(Recommended by Kaitlin Sidorsky, Class of 2011)
As an avid reader and a lover of politics, Curtis Sittenfeld’s new book American Wife appealed to two different sides of my nature. Although a work of fiction, it lends a very humane quality to not only the life of the President, but his family members who are equally as involved in his administration.
American Wife tells the story of Alice Blackwell, current first Lady of the United States, a woman who is eerily similar to the current First Lady Laura Bush. Alice Blackwell’s Husband, Charlie, and Charlie’s parents are also based off of the Bush family with added twists to each character to make them unique. What made this such an enjoyable read was not only the immersion into Alice Blackwell’s psyche but the humane quality it gave to the people involved in an administration. It is often that people forget that those who are making decisions, or who are closely involved with those who make the decisions, are real people. They have feelings, unique life experiences, and perhaps even differing opinions. It shows that a First Lady or first child is not the same as the President himself or his views. Each family member has their own history and what the public perceives them as is not always who they truly are.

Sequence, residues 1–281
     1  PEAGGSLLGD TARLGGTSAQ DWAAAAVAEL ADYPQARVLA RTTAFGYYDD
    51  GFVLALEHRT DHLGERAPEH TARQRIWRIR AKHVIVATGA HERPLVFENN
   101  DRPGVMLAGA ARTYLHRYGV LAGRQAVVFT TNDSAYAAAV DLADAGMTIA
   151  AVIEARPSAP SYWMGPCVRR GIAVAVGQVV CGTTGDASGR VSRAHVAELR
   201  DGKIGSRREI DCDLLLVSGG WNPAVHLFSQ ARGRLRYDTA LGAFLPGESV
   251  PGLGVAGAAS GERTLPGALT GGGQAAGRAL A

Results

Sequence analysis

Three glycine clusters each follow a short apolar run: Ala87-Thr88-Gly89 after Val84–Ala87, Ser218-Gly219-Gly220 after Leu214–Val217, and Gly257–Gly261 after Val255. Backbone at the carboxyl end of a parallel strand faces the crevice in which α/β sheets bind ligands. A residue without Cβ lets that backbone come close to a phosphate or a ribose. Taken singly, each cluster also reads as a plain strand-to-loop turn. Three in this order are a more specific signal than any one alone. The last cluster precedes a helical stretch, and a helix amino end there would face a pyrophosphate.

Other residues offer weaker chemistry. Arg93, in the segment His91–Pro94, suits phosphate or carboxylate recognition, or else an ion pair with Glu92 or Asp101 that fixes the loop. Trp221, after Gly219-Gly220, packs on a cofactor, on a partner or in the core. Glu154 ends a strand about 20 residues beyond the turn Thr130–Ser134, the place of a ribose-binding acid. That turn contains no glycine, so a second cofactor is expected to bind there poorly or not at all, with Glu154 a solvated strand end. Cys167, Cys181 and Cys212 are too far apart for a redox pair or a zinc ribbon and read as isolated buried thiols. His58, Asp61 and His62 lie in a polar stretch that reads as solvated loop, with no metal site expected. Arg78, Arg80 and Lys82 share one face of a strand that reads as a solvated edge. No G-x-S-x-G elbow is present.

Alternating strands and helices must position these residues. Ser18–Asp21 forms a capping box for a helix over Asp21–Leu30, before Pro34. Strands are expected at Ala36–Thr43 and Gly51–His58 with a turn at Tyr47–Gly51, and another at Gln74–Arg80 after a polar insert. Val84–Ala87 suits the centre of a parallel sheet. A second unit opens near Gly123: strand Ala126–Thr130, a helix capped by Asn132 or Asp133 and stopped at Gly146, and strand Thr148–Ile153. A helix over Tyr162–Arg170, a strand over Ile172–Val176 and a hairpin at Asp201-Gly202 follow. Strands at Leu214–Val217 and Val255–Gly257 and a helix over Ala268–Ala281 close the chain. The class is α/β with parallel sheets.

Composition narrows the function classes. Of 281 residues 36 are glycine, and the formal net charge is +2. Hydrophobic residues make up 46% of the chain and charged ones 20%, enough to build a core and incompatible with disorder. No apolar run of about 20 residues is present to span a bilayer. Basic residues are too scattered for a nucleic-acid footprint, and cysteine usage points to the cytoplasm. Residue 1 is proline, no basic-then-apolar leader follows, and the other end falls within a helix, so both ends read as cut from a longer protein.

Curtis Sittenfeld brings up extremely important questions about family, politics, destiny, the choices we make and the ultimate paths our lives take. She allows us to not only become Alice Blackwell but to recognize ourselves in her in some way. The fact that the reader can understand the thoughts, feelings and experiences of Alice Blackwell is only made more interesting and amazing because she becomes the First Lady of the United States. What made this possible is that for the majority of the book we learn of Alice Blackwell’s life journey, how she became the person she is today.
Alice Blackwell’s life’s choices are extremely important in this novel and her constant questioning of them is central to the plot. In one of the most revealing parts of the book, Alice recounts an embarrassing moment when she walks in through a door of a bathroom in a country club and thinking the other one is for the toilets, finds that it is just another entrance/exit. Instead of using the other door for the toilets, she walks out as if meaning to do that all along so that she doesn’t have to embarrass herself. Later on in the book she looks back on this small episode in her life and relates it to her husband’s presidency by saying:
“I feel a growing suspicion that Charlie continues to fight this war for much the same reason I couldn’t bring myself to reenter the ladies room at the Maronne Country Club, and he even has my compassion, except for this- that night at the club, when I needed to urinate and hadn’t, the only one who suffered for my foolishness was me.”
This was an excellent book and I would highly recommend it to anyone who enjoys not only learning about the life of someone else but learning a little bit about themselves along the way.